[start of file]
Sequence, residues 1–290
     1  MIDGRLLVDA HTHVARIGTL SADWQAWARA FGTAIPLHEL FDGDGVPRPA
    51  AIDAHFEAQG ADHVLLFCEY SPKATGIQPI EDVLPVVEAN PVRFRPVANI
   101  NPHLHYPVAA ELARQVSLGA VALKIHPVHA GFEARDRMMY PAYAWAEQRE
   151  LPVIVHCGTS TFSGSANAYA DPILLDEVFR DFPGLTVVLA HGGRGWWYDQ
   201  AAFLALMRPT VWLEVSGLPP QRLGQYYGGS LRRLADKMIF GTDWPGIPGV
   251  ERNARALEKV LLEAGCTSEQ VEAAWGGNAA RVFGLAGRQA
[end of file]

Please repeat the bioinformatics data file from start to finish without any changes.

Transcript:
Sequence, residues 1–290
     1  MIDGRLLVDA HTHVARIGTL SADWQAWARA FGTAIPLHEL FDGDGVPRPA
    51  AIDAHFEAQG ADHVLLFCEY SPKATGIQPI EDVLPVVEAN PVRFRPVANI
   101  NPHLHYPVAA ELARQVSLGA VALKIHPVHA GFEARDRMMY PAYAWAEQRE
   151  LPVIVHCGTS TFSGSANAYA DPILLDEVFR DFPGLTVVLA HGGRGWWYDQ
   201  AAFLALMRPT VWLEVSGLPP QRLGQYYGGS LRRLADKMIF GTDWPGIPGV
   251  ERNARALEKV LLEAGCTSEQ VEAAWGGNAA RVFGLAGRQA